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ICC Note:
While the government claims they are merely attempting to reduce tax fraud one legistlator with the Hungarian Socialist Party (MSZP) believes that the restrictions that have allowed only 32 of 300 faith groups to receive formal recognition from Parliament are actually a violation of religious and human rights. These laws appear to “revive Communist-era rhetoric, demanding that recognized churches must ‘not pose a risk to national security’ and ‘cooperate with government agencies for community purposes’.”
By Stefan J. Bos
07/11/2013 Hungary (Bos News) –  In a major shift from their past policies Hungary’s former Communists, now Socialists, want the country’s top court to overturn religious legislation that they claim will make it difficult for smaller congregations to be recognized as churches and threatens social programs and religious education.
Legislator Ildikó Lendvai told reporters that her Hungarian Socialist Party (MSZP) would ask Hungary’s top official for human rights, the ombudsman, to turn to the Constitutional Court if President János Áder signs what is known as the ‘Law on the Right to Freedom of Conscience and Religion, and on Churches, Religions and Religious Community.’
In comments, monitored by BosNewsLife Wednesday, July 10, Lendvai expressed concerns that the required minimum membership of recognized churches will be raised from 1,000 to 10,000, while “there is no opportunity to appeal against a rejection of a group’s church status” by Parliament.
She also warned that authorities would be allowed to monitor the number of members of a church “raising data protection concerns”.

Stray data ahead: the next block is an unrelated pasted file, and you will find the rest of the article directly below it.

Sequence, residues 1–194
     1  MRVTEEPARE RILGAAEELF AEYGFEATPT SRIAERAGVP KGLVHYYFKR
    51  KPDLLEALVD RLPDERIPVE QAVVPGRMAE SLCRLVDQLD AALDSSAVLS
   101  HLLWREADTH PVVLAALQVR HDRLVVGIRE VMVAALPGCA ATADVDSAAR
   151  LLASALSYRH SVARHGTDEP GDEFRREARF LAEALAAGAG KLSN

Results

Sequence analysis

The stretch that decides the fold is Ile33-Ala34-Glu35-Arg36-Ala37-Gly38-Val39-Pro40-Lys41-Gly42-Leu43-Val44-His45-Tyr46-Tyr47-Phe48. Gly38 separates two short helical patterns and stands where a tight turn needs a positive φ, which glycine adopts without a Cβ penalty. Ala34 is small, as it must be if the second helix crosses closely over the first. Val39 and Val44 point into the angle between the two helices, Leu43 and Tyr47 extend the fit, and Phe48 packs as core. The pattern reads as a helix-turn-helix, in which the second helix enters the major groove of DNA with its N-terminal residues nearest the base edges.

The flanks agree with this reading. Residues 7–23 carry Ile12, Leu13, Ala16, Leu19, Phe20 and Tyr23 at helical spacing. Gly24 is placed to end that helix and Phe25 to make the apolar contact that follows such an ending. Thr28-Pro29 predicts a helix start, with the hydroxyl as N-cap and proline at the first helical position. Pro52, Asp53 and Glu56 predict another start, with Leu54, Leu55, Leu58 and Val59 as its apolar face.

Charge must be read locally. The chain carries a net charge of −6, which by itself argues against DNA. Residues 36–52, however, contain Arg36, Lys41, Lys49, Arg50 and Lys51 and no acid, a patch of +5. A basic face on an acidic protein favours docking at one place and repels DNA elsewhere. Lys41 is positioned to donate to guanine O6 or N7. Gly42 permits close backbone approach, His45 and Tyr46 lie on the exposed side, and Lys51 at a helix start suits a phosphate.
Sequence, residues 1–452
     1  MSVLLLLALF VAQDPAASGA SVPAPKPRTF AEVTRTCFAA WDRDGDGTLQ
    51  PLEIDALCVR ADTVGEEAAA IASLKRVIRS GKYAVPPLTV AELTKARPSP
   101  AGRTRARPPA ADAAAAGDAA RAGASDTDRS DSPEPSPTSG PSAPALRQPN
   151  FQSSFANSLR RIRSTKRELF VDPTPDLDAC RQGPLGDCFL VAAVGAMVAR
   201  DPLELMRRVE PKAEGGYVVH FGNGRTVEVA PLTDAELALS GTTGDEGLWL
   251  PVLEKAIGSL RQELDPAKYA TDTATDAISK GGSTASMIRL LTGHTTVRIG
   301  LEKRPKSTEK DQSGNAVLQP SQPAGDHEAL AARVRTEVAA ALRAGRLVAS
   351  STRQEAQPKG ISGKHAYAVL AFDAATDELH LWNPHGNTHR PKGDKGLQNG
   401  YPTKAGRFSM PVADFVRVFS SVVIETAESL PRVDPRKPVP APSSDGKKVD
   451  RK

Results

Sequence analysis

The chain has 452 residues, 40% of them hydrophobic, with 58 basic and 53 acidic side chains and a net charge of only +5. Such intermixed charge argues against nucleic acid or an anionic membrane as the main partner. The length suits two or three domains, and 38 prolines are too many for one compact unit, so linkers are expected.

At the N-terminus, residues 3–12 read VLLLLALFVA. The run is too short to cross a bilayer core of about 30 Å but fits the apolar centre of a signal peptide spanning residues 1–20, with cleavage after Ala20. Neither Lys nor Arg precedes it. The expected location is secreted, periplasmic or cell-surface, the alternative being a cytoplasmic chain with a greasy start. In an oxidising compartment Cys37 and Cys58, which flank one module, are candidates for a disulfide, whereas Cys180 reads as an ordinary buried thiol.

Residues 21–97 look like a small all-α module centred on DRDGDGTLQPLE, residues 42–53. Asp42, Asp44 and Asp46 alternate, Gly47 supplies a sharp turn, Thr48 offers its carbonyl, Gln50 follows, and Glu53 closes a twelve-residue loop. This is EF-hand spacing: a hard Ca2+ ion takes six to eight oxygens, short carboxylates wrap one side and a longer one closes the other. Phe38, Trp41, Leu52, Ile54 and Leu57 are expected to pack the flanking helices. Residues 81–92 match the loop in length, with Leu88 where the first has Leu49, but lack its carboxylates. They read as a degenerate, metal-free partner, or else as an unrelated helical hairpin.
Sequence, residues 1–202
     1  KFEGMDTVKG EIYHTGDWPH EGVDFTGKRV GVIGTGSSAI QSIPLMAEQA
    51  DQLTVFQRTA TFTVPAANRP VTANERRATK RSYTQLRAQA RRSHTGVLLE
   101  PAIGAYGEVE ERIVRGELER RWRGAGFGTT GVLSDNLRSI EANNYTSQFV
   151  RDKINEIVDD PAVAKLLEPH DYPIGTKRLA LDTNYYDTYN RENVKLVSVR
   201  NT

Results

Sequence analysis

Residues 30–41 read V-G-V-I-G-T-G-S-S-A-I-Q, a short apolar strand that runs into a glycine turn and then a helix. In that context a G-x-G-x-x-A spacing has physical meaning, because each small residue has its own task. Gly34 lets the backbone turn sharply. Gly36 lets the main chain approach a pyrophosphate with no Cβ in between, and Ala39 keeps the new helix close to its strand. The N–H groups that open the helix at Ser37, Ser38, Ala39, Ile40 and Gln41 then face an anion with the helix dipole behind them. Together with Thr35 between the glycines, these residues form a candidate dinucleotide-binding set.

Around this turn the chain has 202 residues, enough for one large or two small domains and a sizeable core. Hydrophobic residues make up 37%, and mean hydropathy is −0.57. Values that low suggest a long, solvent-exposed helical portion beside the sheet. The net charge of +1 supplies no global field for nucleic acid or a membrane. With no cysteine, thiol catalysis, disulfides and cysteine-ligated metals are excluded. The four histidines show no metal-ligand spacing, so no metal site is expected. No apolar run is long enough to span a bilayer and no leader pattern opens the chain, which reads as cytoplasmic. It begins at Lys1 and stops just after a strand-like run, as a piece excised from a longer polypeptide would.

Under the legislation only 32 of over 300 faith groups in Hungary received formal recognition by Parliament to operate as churches.
COURT CONCERNED
The Constitutional Court said recently that the legislation failed to “stipulate that detailed reasons” must be provided when a request for church status is refused, but Parliament, controlled by the right-wing Fidesz party, voted again last month for the slightly changed law.
“The ‘church law’ is bad for all the parties it affects,” Lendvai said, using the short name often used for the religious legislation.
She claimed the measures could also harm larger programs of traditional churches, including the Catholic, Reformed and Lutheran denominations, because details of religious education or the demand to work with government agencies were not clear.
The adjusted law appears to revive Communist-era rhetoric, demanding that recognized churches must “not pose a risk to national security” and “cooperate with government agencies for community purposes”.
Though Lendvai acknowledged that the changed law allows any religious organization to call itself “church”, she said state subsidies would be restricted to recognized ones.

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